THE ATTLEE LEGEND
SIR,—In his review (June 28) of The Trouble-Makers, by Mr. A. J. P. Taylor, whom he somewhat con- descendingly describes as 'the well-known television star,' Lord Attlee makes this statement : 'Mr. Taylor says that he had long accepted what he now calls the legend that the dissenters between the wars began as dreamers and pacifists and moved gradually to a more realistic and tougher policy, but that he now thinks it untrue. He thinks that the Labour move- ment retained its, old illusions until August, 1939. As one of the leaders of the Parliamentary Labour Party from 1931 onwards, I can say that the legend is right and Mr. Taylor's second thoughts are wrong.'
As a reporter for a non-political news agency during the period alluded to, I can say that in my opinion Mr. Taylor is right—as I was able to demon- strate quite factually, without comment, in my book British Hustings 1924-1950, reviewed in your columns earlier this year. On seeing that you had entrusted to Lord Attlee the honourable task of re- viewing Mr. Taylor's book, I was hoping that at last, after all these years, he would give an ex- planation of why it was that at a private meeting of the Parliamentary Labour Party on July 22, 1937, he favoured a continuance of the policy of voting against the defence estimates. On that occasion he was capsized as the leader; by forty-five to thirty-nine the Parliamentary Party decided to abandon the old idea of opposition to the estimates and to pursue a new policy—if abstention can ever be called a policy—of abstaining from voting one way or the other in the division lobbies.
Is Lord Attlee, after all these years of blood, toil, tears and sweat, still trying to propagate the legend that a policy of abstention with regard to armaments was tougher in relation to the Nazi menace than a policy of persistent opposition to all proposed pro- visions for the defence of the realm? If so, he him- self was in favour of the weaker as di-'inct from the tougher policy. In his book of reminiscences,
called As It Happened—a title which deserves first prize for unconscious irony, in view of its inaccur- acies—he does not even mention, much less explain, his capsizement by his party. In my own book I was able to call attention to several party-political legends, Conservative as well as Labour, and I found in the course of my researches, backed by my ex- periences as a reporter in a front seat at most of the big events described, that Lord Attlee is a master of mythology, judging by his As It Happened. His review of June 28 indicates that he is still busy trying to propagate legends—no doubt quite unconsciously, without any intent to defraud the public, owing to his incurable practice of surveying the past through Party-political coloured glasses.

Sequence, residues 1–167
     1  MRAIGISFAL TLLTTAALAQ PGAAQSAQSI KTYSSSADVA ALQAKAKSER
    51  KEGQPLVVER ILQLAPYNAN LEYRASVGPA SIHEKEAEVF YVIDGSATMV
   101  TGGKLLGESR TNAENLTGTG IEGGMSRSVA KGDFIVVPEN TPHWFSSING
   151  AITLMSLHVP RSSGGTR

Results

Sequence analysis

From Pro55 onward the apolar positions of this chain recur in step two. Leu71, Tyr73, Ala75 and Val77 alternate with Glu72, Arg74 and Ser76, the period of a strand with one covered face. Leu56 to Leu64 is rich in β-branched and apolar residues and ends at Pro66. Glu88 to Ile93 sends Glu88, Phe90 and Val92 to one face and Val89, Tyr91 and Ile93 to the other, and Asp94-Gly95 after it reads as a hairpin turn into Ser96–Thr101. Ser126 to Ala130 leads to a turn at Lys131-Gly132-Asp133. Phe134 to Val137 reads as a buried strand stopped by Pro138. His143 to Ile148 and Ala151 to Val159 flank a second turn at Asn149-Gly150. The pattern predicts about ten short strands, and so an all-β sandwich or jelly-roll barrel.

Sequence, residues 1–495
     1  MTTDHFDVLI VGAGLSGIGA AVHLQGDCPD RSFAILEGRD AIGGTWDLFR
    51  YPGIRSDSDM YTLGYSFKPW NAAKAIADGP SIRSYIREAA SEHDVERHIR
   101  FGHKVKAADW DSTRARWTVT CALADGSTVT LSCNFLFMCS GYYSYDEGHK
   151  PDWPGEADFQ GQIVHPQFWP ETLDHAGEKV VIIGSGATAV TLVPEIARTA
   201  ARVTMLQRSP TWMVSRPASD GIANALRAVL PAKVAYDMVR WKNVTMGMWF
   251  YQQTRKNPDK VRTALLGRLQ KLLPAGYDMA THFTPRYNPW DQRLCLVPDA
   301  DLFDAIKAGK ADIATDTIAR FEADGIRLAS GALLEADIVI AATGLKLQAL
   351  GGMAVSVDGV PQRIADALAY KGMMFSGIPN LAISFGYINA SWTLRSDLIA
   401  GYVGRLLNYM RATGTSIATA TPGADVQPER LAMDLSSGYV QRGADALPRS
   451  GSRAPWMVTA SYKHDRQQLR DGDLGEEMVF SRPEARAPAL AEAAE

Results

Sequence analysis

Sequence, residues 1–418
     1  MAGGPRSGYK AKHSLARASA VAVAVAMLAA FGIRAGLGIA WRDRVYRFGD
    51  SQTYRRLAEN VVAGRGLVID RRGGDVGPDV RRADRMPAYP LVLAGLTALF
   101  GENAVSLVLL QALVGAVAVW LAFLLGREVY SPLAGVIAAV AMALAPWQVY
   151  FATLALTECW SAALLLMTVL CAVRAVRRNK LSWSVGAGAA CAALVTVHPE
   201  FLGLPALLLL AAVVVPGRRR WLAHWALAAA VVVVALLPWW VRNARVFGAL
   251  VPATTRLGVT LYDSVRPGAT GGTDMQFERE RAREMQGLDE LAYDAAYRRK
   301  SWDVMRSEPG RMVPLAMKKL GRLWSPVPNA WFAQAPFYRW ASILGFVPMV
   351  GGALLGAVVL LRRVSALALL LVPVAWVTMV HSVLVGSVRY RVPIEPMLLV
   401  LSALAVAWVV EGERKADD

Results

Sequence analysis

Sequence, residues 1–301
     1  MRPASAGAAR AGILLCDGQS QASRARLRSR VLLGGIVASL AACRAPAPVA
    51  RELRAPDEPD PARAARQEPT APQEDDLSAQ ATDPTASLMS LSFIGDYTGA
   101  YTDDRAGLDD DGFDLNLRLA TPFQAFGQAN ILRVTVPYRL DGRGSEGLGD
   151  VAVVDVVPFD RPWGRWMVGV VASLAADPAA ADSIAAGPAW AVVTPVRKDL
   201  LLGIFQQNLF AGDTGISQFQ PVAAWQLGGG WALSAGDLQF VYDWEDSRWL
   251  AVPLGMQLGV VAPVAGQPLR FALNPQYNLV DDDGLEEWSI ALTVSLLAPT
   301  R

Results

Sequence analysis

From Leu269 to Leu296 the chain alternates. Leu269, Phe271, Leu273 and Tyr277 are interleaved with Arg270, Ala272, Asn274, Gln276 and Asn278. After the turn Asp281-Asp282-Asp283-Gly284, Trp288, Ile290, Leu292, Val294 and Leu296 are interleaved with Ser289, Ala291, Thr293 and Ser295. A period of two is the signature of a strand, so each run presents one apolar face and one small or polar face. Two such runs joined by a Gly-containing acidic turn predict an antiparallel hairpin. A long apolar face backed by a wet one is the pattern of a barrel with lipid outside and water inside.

He now thinks that Mr. Taylor's second thoughts are wrong, but he nevertheless feels that Mr. Taylor has written an interesting book.' I myself have not yet read it, but I intend to do so at the first oppor- tunity, knowing as I do that its author is an ex- tremely careful and scholarly historian as well as a television star. Mr. Taylor obviously takes keen and commendable delight in exposing camouflage or cant on both sides, whether to Left or Right, and his easy command of clear and robust English, allied to his diligent mastery of facts, is greatly to be envied—by journalists no less than by politicians. I hope that one day he will write a biography of Lord Attlee and will therein explain why it was that the subject of that biography deserved the Order. of Merit as well as an earldom and the star of the Garter, It would be very interesting.—Yours faith- fully, ARTHUR H. BOOTH